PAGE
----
John Giles: Miracle Match in ‘63 points the way for Martin O’Neill and Ireland
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THE last time Ireland beat Austria was in 1963 at Dalymount Park and I was there. But it was a 0-0 draw in Vienna a few weeks earlier came to be known as the ‘Miracle Match’.
In an echo of today’s ongoing problems with Ronald Koeman and Everton over the release of players, Ireland travelled to Vienna with a skeleton crew.
English clubs refused to release players and men like Noel Cantwell, Joe Haverty and Tony Dunne were not released by their clubs.
That meant that the selection committee had to scratch around for a squad and picked a mix of very young lads and some who hadn’t played international football for some time.
When we set out for Vienna, I doubt there was anyone in the group that was confident but the reality was that this state of affairs was the norm for the time.
Those picking the squad and team had no idea what they were doing. In fact, if you put a few quid into a League of Ireland club in those days, you could easily have ended up as a selector - whether you knew anything about football or not.
My memory of the game in Vienna is vivid. I woke up to grey skies and a steady downpour which turned the pitch into an absolute quagmire.
I remember seeing Willie Browne’s boots, rubber soles with worn down rubber studs and wondering how he was going to manage – but he did. Willie was the last amateur to play for Ireland and this was his first cap, a baptism of fire if ever there was one.
As it turned out, we played very well and might have even won the game. I remember Amby Fogarty had a shot which was brilliantly saved late in the game.
But I cannot underline enough the fact that this was a remarkable draw to get in some of the most difficult circumstances any Irish team has had to cope with down through the years.
Whatever it is about Vienna, Ireland have always struggled there and that was largely because they had really good players all playing a high club standard and they were always very well drilled.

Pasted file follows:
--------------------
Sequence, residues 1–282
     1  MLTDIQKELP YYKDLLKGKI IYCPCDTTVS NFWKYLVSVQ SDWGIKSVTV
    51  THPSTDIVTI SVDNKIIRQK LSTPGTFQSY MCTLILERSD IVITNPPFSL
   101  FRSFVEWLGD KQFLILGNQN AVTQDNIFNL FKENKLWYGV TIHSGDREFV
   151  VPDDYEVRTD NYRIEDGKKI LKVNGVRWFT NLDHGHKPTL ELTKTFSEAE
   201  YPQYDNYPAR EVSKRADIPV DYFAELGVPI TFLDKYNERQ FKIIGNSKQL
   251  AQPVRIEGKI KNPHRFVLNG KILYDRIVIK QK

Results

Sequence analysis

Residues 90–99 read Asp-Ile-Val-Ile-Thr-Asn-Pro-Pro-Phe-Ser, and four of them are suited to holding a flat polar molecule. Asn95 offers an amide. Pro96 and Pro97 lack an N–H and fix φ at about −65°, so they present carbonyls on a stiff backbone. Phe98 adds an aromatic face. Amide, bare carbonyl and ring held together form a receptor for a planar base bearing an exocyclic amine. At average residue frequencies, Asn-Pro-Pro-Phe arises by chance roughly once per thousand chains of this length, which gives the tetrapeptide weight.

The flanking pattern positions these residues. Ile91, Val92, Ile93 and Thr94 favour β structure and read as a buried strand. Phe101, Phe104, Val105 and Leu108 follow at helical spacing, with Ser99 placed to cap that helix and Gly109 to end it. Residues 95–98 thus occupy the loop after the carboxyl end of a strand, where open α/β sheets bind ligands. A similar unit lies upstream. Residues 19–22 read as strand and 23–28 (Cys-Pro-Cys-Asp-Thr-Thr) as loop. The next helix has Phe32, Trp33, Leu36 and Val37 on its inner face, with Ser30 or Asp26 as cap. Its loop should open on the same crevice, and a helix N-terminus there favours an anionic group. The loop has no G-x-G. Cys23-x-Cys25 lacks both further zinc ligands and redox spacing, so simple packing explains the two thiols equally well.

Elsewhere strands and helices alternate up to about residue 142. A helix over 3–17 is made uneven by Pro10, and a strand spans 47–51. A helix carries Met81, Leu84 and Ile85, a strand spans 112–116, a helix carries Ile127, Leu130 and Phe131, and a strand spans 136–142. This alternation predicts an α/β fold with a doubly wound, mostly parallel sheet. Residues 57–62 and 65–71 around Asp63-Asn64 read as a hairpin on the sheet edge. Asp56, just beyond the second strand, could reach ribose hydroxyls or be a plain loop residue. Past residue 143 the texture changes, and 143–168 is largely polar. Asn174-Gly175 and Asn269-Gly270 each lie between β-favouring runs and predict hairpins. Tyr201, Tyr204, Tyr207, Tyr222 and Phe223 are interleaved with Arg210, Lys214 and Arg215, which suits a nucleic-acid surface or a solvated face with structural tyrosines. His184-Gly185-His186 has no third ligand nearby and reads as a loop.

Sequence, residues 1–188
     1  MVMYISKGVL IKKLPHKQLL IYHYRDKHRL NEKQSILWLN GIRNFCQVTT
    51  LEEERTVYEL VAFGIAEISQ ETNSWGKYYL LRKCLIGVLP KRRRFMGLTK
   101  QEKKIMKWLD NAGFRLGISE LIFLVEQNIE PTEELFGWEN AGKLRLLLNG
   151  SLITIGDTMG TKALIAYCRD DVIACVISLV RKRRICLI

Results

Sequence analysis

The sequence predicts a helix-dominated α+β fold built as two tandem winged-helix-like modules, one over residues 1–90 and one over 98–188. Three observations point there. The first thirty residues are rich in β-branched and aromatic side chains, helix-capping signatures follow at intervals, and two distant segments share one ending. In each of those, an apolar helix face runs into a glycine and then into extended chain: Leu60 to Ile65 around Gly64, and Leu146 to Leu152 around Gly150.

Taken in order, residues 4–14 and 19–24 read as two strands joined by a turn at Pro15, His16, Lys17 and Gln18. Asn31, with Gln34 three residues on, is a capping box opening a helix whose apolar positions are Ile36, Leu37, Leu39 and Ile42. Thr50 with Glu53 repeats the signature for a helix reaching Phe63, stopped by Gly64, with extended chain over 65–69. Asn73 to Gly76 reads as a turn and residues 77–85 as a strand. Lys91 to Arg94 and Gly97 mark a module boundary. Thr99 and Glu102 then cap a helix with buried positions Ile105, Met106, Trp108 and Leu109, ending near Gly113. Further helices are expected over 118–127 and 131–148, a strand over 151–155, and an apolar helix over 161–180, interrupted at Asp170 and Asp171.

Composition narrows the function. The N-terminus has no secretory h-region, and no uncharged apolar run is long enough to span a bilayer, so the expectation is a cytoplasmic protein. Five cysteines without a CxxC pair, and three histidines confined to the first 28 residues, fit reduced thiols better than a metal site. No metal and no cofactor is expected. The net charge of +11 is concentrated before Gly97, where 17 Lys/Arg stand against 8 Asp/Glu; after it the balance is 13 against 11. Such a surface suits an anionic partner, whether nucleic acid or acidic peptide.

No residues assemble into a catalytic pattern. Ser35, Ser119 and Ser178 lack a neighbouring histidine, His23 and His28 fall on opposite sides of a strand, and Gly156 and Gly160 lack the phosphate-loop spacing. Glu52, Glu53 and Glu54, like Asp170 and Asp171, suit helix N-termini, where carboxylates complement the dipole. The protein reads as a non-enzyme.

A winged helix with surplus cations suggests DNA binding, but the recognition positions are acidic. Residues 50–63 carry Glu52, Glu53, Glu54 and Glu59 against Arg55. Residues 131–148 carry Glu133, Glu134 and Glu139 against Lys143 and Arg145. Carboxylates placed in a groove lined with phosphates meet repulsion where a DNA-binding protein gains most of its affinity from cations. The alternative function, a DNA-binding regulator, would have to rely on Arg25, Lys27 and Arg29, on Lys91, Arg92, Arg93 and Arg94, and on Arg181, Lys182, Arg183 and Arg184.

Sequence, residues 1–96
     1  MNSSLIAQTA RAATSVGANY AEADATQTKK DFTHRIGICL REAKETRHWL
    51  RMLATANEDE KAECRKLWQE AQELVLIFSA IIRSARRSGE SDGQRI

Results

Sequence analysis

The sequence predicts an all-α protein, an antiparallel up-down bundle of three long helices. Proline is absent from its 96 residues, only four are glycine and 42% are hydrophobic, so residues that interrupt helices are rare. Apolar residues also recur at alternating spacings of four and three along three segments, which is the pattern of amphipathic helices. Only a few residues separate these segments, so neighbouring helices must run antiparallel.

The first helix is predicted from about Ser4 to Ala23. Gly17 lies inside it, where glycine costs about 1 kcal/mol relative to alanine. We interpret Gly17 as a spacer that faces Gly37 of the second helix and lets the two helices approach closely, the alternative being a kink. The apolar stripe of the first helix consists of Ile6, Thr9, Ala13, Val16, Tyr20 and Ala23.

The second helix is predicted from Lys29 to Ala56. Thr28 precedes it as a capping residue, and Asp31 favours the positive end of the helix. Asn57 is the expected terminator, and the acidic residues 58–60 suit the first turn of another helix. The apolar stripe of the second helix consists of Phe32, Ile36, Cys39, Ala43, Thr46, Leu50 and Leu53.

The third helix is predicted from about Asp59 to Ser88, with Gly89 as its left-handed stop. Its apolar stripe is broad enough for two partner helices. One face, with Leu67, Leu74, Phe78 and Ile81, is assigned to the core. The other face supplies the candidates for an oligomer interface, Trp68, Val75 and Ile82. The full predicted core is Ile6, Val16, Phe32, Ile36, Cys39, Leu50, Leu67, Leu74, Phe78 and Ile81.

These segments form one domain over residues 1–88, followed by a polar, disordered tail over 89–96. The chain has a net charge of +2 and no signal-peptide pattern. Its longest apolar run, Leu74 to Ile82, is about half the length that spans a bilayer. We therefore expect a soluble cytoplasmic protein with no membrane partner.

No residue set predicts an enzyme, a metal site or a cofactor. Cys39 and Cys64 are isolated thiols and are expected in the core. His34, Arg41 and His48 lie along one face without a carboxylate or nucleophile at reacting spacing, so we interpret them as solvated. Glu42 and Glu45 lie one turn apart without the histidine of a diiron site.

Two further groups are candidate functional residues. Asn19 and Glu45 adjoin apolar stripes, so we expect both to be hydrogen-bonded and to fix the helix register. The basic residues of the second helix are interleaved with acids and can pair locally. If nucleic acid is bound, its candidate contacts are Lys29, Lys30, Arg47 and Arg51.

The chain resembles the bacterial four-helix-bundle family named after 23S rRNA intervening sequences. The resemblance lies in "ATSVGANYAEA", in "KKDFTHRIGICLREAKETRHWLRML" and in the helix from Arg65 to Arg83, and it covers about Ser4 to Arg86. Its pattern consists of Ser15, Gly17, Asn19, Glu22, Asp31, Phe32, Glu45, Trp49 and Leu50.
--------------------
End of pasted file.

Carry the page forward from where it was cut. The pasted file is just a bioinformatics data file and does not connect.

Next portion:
They had a consistency about their team selection as well, even though I’m sure they would have the same committee structure picking it.
Alf Ramsey only managed to wriggle out from under that weight in 1969 and we followed suit shortly afterwards but when we played Austria in 1963, they were Irish football’s Dark Ages.
We had no comeback whatsoever if an English club manager refused to release players and that is nicely illustrated by the fact that for the return game in Dalymount Park on October 13 1963, just a few weeks after the 0-0 draw, we had all our big names back.
Cantwell, Dunne and Haverty were all back in and Ireland won the game 3-2, the last time we’ve beaten Austria, home or away, competitive or friendly.
There was a huge crowd at Dalymount Park that day and I remember them having terrible trouble keeping the crowd off the pitch.
I think there were three separate invasions and the final one came at 2-2, when Ireland were awarded a penalty.
Cantwell stood over it for an age while they tried to clear the pitch and showed steely nerve to find the net and send Ireland into the European Championship quarter-finals.
I’ve returned to this game in advance of Martin O’Neill and Ireland’s trip to Vienna to show how very different it was and how far we have come in the intervening period.
But it is interesting to see that old, selfish habits among clubs remain strong and Koeman is the perfect example of that.
At least we now have rules to govern it. By the looks of things, James McCarthy was always going to be injured for this one and personally, I’m very pleased to see Harry Arter as the likely replacement.
I think he will bring more to Ireland’s midfield than McCarthy and while I am concerned that this Austria team might have a very good performance in them, I think O’Neill can win the point he needs.